Peering out from side of stage, there was a sea of faces gazed upon John Maus as he took to The Forum main stage – some bemused, some perplexed, few nodding along. Opposed to the intimate enclosure of The Corner on the night previous, it felt as though we were witnessing King Kong tear through a run of retro-tinted pop numbers. Soaking himself with water and sweat, Maus revelled in his torment in front of a striking cinematic projection.
I only managed to catch an all-too fleeting taste of Boredoms leader DJ Yamantaka Eye as transformed the mezzanine into an all-out dance floor with some dirty house.
Sun Araw shared half the upstairs stage with Perth visual artist Ben Barretto, who was crafting a piece with a Mouse Trap-like set-up. The contraption’s graceful fluidity stuttered towards the end of the set, initiating a snowball of chagrin that eventually deemed the music unbearably loud.
The well-packed and narrow mezzanine stage diminished sonic clarity of Lost Animal somewhat, and it was a little difficult to see what exactly was going on from where I was standing. Though primarily backing-track based, flourishes of live guitar complemented the work of bassist Shags.
Thee Oh Sees were nothing short of impossibly great. Eddy Current frontman Brendan Huntey could be spotted around the venue sporting a tee emblazoned with “Who the fuck is John Dwyer?”. To answer the question, he was the dude holding up his guitar with nothing but his teeth – during the first song of the set, no less. Having ruled pretty much every small bar in town over the past few years, Thee Oh Sees proved they’re just as capable of slaying it in the setting of a grand theatre.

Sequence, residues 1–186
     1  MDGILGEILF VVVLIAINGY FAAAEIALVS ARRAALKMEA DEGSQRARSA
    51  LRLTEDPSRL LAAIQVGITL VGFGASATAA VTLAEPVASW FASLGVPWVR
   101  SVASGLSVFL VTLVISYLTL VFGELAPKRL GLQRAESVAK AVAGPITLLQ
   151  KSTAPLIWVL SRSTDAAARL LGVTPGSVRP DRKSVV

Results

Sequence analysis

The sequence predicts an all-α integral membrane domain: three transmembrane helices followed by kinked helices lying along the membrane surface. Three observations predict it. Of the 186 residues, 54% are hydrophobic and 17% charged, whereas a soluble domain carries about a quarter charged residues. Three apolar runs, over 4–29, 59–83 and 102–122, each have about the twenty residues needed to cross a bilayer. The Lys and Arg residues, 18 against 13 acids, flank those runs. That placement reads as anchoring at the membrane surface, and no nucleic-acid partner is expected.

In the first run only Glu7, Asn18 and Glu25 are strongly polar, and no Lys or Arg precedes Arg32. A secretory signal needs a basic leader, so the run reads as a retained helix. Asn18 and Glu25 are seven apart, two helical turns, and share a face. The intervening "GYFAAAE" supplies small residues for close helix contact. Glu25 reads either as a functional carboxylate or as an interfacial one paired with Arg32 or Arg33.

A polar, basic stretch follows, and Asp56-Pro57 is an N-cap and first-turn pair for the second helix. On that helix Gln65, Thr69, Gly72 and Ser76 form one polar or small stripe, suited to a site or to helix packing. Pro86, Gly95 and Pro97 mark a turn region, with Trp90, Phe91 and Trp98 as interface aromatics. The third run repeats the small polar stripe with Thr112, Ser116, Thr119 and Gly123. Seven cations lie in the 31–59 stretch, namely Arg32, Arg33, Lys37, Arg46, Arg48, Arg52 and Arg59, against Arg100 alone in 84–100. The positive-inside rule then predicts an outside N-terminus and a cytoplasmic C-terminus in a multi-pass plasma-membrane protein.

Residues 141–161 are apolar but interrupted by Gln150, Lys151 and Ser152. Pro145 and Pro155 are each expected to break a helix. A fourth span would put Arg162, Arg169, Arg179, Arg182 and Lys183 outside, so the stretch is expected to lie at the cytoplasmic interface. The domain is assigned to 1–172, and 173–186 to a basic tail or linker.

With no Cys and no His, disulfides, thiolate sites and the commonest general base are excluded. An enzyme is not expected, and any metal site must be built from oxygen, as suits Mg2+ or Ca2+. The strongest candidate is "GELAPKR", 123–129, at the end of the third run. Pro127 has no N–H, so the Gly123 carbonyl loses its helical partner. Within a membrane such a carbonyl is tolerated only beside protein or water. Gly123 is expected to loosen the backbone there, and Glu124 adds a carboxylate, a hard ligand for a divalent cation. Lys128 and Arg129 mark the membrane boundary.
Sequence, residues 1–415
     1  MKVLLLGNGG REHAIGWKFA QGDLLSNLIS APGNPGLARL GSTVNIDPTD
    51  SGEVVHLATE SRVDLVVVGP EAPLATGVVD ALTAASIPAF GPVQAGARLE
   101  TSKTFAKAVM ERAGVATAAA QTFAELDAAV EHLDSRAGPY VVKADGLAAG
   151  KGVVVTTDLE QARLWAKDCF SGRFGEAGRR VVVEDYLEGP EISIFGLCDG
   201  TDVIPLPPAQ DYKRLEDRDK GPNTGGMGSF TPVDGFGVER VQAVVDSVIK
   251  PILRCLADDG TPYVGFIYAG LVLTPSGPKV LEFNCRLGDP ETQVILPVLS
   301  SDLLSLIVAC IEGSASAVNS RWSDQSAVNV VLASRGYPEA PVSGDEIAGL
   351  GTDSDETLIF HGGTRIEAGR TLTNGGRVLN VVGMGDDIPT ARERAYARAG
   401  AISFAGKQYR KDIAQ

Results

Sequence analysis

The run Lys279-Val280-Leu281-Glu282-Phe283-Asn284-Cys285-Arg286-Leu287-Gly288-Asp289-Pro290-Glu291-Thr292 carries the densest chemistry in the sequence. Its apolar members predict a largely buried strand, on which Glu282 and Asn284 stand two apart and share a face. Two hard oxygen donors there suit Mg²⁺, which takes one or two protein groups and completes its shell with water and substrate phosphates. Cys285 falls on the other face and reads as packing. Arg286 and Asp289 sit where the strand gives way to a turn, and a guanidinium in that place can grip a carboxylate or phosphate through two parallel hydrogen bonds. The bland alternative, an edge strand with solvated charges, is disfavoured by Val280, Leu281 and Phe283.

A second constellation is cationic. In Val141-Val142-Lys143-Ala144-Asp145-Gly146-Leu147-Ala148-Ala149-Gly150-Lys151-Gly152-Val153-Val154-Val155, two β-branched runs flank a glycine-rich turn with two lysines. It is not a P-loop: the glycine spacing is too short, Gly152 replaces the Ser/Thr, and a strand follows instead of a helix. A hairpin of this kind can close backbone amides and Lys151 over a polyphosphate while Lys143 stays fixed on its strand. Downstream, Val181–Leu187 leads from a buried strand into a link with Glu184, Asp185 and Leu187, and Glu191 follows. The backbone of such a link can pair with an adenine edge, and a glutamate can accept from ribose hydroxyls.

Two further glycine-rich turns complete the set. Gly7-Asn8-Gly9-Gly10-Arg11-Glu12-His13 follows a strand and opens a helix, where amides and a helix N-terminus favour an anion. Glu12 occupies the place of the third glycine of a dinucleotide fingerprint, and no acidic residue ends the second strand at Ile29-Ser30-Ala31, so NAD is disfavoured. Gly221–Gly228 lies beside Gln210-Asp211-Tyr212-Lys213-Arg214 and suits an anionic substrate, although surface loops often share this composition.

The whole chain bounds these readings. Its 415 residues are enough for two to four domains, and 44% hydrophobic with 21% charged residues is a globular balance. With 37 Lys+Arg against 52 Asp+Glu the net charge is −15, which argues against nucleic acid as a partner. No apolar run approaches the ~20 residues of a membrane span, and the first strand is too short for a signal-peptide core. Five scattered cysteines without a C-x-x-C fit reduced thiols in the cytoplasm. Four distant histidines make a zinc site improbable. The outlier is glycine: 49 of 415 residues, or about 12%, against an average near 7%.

I think it’s about time we started to consider Deerhoof drummer Greg Saunier as an alternative energy source. Armed with a skeletal drumkit setup, Greg ripped apart Deerhoof’s stunning back catalogue with a tenacity and precision which commanded as much attention, if not more, than lead singer Satomi Matsuzaki’s cheerleader dance moves.
Hip-hop duo Shabazz Palaces rounded out the evening in fine fashion. Leaving just before the end of the set, I took a moment to bask in the muddy low-end mix by standing immediately in front of the stack. It was intense.
Though the maiden Sugar Mountain was a success in itself, the sophomore effort’s format tweaks marked a decided improvement – blending the art elements in a more seamless manner, as well as harnessing the most impressive of lineups.
BY LACHLAN KANONIUK
LOVED: The art components being more attuned to the festival than that of the maiden Sugar Mountain.
HATED: Not being able to sweat it out for Eye’s entire set.
DRANK: Some nasty lager I’ve never heard of before.